Each year, thousands of people flock to the city of Nashville with hopes of “making it”. Ironically, it wasn’t until Zach Russell made the decision to leave Music City, USA that he inked his first record deal with Thirty Tigers. Zach had stints as a manager at a shoe store and a karaoke host. He installed irrigation systems, and and also worked as a carpenter. He traveled the US and Europe as Tyler Childers merchandise manager for 3 years and got to witness firsthand what it takes to chase down greatness. Through it all, one thing that remained constant was his belief that he could chase it down as well.
Since leaving Nashville and returning back to the hills of East Tennessee, the past 18 months have been busy for Russell. He spent those months writing music, touring with The Alex Leach Band, and delivering a guest appearance on Adeem the Artist critically acclaimed album, White Trash Revelry. That wave of momentum has culminated to this moment, and the release of his highly anticipated full-length debut, Where the Flowers Meet the Dew.
Once again joining forces with up-and-coming producer Kyle Crownover (Adeem the Artist), this ten-song effort never takes its foot off the gas pedal. Dominant themes of wrestling with mortality, pondering reincarnation, and finding that ever elusive feeling of contentment that all weave gracefully through.
As the old saying goes, “Big hitters take big swings.”, and Russell’s choice as the first single is as bold a statement as can be made. Coming in at a shade over seven minutes long, “Born Again” begins as a rockabilly banger, then midway through, via a psychedelic segue it morphs into a funky, groove heavy jam. Russell sings of reincarnation and hints that perhaps every waking moment is, in fact, an opportunity to start anew.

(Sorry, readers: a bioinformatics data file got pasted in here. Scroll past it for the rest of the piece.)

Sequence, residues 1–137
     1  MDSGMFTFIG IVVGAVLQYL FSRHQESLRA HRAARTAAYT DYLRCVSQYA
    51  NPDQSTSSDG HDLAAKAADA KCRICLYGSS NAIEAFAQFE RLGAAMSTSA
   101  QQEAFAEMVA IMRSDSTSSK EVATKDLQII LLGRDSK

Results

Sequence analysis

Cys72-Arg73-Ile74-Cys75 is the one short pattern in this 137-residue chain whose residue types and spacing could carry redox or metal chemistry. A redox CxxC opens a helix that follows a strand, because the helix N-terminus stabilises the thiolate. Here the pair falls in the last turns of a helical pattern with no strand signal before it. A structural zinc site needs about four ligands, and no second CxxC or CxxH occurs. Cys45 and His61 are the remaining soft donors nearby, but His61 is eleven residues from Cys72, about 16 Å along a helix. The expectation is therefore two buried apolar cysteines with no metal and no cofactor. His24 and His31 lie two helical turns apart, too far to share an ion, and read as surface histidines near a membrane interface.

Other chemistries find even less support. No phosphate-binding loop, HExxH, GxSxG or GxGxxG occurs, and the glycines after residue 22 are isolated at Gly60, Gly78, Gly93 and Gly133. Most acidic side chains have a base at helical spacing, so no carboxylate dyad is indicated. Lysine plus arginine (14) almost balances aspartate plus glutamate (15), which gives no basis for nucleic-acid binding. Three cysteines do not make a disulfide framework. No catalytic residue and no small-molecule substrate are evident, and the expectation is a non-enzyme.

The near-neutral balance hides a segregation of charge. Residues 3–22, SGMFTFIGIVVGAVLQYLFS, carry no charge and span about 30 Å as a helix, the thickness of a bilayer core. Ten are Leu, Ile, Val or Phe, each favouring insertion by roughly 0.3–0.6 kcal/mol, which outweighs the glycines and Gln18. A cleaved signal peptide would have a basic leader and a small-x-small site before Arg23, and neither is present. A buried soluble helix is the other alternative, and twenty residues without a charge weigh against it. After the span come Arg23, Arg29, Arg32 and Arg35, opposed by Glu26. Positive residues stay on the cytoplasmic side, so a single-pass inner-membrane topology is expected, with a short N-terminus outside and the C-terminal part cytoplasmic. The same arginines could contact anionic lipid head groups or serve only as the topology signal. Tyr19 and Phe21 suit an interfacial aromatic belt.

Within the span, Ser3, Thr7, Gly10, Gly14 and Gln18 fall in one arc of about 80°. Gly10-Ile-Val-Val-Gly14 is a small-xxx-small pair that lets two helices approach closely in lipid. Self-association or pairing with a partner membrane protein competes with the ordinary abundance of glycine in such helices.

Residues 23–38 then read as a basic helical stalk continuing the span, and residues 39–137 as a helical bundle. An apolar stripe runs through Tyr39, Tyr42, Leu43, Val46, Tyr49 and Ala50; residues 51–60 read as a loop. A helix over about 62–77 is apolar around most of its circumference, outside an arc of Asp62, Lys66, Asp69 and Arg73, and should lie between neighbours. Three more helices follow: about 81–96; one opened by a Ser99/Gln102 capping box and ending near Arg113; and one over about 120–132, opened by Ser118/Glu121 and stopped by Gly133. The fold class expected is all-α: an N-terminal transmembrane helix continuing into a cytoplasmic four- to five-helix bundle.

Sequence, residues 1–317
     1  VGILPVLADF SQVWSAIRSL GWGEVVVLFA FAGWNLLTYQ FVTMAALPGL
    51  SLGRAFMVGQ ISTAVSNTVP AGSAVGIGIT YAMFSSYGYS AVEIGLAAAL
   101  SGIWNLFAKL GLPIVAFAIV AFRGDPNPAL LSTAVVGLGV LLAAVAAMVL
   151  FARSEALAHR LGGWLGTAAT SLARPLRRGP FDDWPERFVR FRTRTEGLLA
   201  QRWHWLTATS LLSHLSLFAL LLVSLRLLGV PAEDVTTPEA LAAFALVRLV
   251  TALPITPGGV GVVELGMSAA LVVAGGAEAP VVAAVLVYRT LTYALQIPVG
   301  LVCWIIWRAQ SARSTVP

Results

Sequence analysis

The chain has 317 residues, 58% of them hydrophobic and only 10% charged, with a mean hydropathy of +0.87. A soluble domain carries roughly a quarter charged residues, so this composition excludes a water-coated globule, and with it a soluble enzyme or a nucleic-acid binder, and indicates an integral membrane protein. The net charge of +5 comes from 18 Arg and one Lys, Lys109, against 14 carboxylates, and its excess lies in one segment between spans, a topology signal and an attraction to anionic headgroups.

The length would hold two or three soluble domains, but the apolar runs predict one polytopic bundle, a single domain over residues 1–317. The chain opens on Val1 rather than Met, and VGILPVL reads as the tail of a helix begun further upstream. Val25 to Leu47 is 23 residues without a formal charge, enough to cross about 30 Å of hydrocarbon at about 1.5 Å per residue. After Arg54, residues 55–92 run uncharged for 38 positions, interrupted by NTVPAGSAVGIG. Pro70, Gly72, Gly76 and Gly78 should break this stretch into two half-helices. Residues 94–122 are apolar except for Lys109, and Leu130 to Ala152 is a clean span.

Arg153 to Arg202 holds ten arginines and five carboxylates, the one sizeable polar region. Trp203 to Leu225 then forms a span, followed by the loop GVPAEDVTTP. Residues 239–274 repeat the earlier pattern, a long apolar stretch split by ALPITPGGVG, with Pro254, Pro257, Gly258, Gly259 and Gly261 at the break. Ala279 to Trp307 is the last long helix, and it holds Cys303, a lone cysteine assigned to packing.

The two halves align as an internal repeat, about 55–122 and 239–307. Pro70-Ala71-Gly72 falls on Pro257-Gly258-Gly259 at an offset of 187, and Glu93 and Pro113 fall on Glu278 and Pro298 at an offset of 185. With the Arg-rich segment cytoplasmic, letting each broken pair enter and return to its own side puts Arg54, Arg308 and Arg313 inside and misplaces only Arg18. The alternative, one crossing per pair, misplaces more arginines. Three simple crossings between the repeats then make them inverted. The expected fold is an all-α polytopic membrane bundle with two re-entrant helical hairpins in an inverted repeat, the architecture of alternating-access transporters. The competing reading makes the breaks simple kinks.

The first half of the record is filled with traditional waltzes (“I Thought I Was the Trees”, “Take Me Back to Tennessee”), haunting electric folk (“What You Want Comes to You”), and 60’s R&B style (“Milk & Honey”) cuts. Its deep, mellow, and the lyrics are contemplative. It draws you in while not letting the listener get too comfortable.
Beginning with the aforementioned rip-roaring lead single, the back half of the record brings with it an altogether different vibe. Greasy, distorted guitar licks pepper the back half of Where the Flowers Meet the Dew. “Playing House” fully displays his creative dexterity, and would be right at home on a post-grunge rock radio station, circa 1998, sandwiched between Matchbox 20 and Third Eye Blind. There’s an underlying current filtering through the back half of the record that bristles with tongue in cheek humor, confidence, and all-out swagger. As a whole, Where the Flowers Meet the Dew is a remarkably ambitious effort that undoubtably demands and is worthy of repeated listens.